Meanwhile, a Carnival reveler dressed in a spooky Spiderman-as-Venom costume is lurking around the periphery, stalking Eurydice. When he appears at the window of the costume-fitting hut, Eurydice flees into the night, with Venom and Orpheus in hot pursuit. Orpheus saves her from the masked stalker, but this is clearly not the end of the story. “I am in no hurry,” Venom assures Orpheus, as he fades into the darkness.

Orpheus carries Eurydice to safety at Serafina’s house. Together, they admire her scarf, decorated with signs of the zodiac. “That is my house in heaven,” she explains, pointing. “I will rent the one right next to yours,” proclaims Orpheus, lovestruck.

Eurydice goes to bed, and Orpheus begins the night on a hammock outside, but (as any man could tell you) that doesn’t last for very long, and they wake up in bed together, Eurydice glowing.

Today is Carnival! Serafina is supposed to play the Queen of Night, but she decides she would rather knock boots with – say it with me – Chico Boto, so Eurydice wears her costume and dances in her place, and we all know that can’t end well.

Mira suspects that Orpheus has been unfaithful, and raises this subject with him: “Here’s what I think of that bitch’s dirty rag!” she screams, tearing Eurydice’s beautiful zodiac scarf. “If I see her again with you, I will kill her!” Orpheus tries to break up with Mira, but she’s too busy yelling and throwing things.

For the day’s performance, Orpheus is wearing a gold mesh vest and a gold lamé skirt and – as promised – is actually raising the (papier-mâché and gold leaf) sun. Carnival begins in earnest, with various “schools” performing their dance routines down the main street. In the crowd, we catch glimpses of Venom, watching and waiting.

When Venom and Mira see Serafina in the crowd with her boyfriend, CHICO BOTO, they both realize that the whirling Queen of Night is Eurydice. Mira tears a giant iron staple from a nearby bandstand and chases after Eurydice, while Venom maneuvers in simultaneously. Eurydice’s magical amulet is torn off and broken in the confusion.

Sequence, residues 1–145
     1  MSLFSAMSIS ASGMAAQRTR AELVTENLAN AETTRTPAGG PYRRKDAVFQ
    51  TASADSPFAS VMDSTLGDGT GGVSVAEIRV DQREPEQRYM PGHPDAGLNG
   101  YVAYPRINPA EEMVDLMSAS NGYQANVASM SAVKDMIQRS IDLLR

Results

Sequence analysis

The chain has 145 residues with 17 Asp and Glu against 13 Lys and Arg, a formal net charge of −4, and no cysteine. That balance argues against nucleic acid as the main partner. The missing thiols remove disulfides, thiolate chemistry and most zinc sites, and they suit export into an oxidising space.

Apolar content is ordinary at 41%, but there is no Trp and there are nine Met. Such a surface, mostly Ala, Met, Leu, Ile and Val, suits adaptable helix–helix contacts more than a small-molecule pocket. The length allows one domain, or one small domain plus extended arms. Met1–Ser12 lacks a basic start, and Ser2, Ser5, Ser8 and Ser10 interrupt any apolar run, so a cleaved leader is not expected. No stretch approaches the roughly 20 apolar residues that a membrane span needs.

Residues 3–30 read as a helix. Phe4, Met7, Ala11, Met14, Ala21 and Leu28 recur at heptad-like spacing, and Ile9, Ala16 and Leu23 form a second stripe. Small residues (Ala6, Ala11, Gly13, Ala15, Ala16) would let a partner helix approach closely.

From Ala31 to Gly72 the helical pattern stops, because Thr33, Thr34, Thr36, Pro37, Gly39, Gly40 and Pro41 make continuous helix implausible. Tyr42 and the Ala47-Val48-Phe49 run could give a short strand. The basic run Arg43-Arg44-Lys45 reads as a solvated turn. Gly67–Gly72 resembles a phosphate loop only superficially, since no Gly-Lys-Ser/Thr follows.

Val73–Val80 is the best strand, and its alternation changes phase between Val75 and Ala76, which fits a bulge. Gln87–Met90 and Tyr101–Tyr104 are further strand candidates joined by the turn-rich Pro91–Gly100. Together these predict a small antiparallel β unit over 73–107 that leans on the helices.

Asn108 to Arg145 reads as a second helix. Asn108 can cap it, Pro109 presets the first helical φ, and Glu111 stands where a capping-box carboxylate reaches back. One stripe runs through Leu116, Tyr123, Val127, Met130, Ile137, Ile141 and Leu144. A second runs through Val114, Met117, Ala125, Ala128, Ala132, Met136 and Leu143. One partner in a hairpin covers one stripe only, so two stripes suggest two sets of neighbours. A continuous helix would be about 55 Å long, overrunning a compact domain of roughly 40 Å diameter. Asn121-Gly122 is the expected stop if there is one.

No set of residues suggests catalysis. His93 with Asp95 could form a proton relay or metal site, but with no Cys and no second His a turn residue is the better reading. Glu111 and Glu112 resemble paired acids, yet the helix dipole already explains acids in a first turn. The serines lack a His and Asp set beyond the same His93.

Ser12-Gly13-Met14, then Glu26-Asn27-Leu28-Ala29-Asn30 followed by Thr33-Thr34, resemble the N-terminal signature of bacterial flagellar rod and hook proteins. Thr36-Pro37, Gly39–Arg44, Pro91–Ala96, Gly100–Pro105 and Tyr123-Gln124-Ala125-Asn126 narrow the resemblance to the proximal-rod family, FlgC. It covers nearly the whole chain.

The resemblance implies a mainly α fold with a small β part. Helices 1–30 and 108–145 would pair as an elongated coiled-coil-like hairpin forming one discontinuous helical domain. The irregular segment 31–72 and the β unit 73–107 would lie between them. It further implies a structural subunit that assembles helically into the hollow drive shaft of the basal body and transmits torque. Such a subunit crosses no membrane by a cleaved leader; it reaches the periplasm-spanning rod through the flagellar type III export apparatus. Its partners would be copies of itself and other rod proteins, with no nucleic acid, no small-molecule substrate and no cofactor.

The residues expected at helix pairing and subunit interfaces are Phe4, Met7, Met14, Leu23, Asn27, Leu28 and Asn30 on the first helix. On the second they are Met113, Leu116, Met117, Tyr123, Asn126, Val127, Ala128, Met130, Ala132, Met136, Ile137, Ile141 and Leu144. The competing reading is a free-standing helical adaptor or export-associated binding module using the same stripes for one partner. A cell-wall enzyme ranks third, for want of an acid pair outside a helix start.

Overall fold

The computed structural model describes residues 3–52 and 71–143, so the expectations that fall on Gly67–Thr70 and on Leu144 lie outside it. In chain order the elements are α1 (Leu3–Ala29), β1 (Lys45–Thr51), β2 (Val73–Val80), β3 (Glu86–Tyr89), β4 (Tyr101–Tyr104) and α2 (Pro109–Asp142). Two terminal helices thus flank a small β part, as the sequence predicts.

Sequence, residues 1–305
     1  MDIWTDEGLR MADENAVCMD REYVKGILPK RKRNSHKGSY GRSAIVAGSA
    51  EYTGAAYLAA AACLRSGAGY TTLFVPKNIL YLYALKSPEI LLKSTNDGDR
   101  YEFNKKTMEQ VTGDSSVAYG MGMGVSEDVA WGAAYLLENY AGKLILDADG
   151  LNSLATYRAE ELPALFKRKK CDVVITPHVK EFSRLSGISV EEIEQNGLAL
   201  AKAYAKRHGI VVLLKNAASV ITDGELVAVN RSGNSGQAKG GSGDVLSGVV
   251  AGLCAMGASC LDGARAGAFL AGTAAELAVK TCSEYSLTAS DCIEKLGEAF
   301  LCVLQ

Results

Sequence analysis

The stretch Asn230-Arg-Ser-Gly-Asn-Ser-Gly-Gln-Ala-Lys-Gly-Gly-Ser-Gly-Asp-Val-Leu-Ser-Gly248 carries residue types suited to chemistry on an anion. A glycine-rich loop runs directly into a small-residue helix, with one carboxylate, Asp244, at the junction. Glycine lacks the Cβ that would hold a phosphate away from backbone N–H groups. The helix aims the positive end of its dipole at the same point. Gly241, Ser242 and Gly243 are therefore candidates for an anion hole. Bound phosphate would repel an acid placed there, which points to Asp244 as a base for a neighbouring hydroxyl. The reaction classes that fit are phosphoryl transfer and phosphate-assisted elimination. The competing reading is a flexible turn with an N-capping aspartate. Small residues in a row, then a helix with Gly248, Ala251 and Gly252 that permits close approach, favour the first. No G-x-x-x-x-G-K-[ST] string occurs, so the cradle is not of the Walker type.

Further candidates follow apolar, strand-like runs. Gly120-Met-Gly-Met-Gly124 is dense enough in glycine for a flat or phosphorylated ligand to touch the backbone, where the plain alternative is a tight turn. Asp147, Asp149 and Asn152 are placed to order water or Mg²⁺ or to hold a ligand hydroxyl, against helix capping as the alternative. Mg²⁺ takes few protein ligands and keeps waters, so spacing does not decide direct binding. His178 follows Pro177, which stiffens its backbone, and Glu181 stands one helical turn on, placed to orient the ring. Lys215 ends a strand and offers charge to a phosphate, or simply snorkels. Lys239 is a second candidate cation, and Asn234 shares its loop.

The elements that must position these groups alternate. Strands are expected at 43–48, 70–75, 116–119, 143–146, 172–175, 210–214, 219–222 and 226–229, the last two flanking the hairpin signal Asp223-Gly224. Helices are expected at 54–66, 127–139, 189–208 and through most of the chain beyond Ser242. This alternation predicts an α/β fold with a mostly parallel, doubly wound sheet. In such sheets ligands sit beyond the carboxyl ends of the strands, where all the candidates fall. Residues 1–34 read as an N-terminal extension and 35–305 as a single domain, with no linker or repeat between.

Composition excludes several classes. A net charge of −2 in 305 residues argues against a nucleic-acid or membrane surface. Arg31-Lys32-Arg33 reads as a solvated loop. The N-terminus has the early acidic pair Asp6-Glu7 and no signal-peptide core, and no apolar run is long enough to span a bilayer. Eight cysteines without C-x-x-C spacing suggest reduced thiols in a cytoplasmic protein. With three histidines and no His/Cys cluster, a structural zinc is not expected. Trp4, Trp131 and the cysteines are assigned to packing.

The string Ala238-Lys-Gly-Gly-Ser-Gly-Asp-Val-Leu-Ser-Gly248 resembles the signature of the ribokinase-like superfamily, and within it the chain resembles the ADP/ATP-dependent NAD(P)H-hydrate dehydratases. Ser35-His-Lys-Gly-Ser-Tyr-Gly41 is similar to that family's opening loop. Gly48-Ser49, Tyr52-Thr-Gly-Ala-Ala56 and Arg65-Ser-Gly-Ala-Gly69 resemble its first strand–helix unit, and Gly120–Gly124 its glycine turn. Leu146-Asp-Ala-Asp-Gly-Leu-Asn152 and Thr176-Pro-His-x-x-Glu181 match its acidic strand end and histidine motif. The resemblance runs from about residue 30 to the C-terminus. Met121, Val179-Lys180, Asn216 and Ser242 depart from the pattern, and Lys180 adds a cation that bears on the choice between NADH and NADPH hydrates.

Eurydice eludes both pursuers for the moment, but is eventually cornered in the streetcar switching yard. To escape Venom, she clings to a power line. Predictably, Orpheus chooses that moment to arrive and switches on the power, killing Eurydice instantly. Her lifeless body is taken away in an ambulance, sirens blaring, Venom riding the running-board.

Orpheus wanders through the wreckage of Carnival, searching for his beloved. Dazed with grief, he finds himself in a massive Kafka-esque abandoned public records building. “I’m looking for Missing Persons,” he tells the janitor.” “There is such a section, but I never saw any persons there, only paper.” The janitor instead leads him to building, guarded by a snarling dog (can you guess the dog’s name?). Inside, a Macumba priest with a headdress is smoking a cigar. A woman receives the spirit, has a seizure, and is given a cigar. Eurydice speaks through an old woman: “Don’t look back, Orpheus. You will never see me again.”

Orpheus stumbles through the streets, weeping, and eventually collapses in front of his streetcar-conducting mentor, Hermes. “I have nothing left in life!” he cries. “We are all poor,” responds Hermes, “and all that’s left to be said is the word of the poor: thanks.”